Gavin Greig (ggreig) wrote,
Gavin Greig


I came back a couple of days ago from a week's training near Reading with a couple of colleagues including qidane. The course was a "bootcamp" for .NET development in C# or Visual Basic. We have a preference for C#.

It's the first time I've been sent away on a residential course by an employer, so it was a novel experience. I don't think a bootcamp is typical anyway though!

We chose it ourselves, because we wanted a fast introduction to a range of material in a short time, and it certainly did that. It ran for seven days, from 6 o'clock on Sunday evening a week and a half ago until the final exam ended at 1 o'clock this Sunday, and there wasn't a break. There were scheduled lectures, labs and exams from 8:30 in the morning until 8:30 at night, and then we had to start our reading for the next day. We had instructions to stop that at midnight even if we weren't finished, which was not uncommon. Of course, I exaggerate slightly when I say there wasn't a break, but only slightly - meals were allotted only half an hour, and there were two or three ten minute breaks in a day.

Needless to say, this was a bit tiring! In fact, I'm still a bit wabbit.

However, having completed the course, it did what we wanted it to, and we learned things that will be helpful to us. We also all qualified as MCAD (Microsoft Certified Application Developer) after three exams, which was personally satisfying. We hope to return within a few months to push that up to MCSD (Microsoft Certified Solution Developer).

It means I can now have an informed opinion on the value of Microsoft Certification exams. They're one of these things that people tend to be a bit sceptical about, which kind of annoys me because they're generally people who haven't done one themselves.

So, now that I KNOW for myself, what is my opinion? Will they magically make you into a good developer?

Of course, the answer is no, but that's not what they're intended to do. What they are intended to do is to make sure that developers have a reasonable grounding in the recommended ways of using a particular technology, and that's something that they do quite well. It's branded technology, of course, but what do you expect? If you're a bad developer, you can continue to be a bad developer with a little more knowledge to make you dangerous, but if you're a good developer there's a foundation stone laid that you can build on and develop with further experience. So don't be overly impressed if someone has a qualification - most of the people on the course were able to pass most of the exams - but do count it as an additional tool in their toolbox.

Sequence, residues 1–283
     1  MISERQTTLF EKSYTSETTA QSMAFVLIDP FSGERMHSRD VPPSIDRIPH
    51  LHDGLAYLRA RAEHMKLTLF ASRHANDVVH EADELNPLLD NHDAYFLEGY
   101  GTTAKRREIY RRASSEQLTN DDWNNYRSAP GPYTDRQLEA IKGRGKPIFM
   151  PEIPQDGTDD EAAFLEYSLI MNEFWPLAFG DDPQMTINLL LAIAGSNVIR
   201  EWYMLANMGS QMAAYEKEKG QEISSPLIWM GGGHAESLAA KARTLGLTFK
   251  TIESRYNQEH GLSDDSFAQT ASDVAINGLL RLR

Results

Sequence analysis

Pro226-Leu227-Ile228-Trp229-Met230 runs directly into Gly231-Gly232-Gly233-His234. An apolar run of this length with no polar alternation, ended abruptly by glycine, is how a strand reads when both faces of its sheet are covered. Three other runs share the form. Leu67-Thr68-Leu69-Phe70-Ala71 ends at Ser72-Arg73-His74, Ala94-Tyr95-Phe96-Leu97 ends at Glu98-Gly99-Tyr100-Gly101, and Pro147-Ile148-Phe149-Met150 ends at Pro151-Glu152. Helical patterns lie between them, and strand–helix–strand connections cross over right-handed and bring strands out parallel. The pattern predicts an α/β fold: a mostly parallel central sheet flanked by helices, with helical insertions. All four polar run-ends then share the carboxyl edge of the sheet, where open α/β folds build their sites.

Next week, back south once more for training, direct from Microsoft this time. Unfortunately none of my colleagues are going this time, but with a bit of luck they should have a chance to go at a later date. I'm looking forward to this in a slightly fatigued way after last week, but this course will be within more traditional office hours, and will include lectures and labs using Visual Studio 2005. VS2005 is currently in beta with a projected release of some time next year - it seems to be summer that's expected - so it's quite exciting to get involved in the new technology before it officially arrives.

Some pleasant relaxation was had immediately after the course visiting scottymcleod, Janice and young Andrew in London before flying back up to some chilly Scottish weather on Monday after a week of shirt-sleeves.
Tags: software development, travel, work

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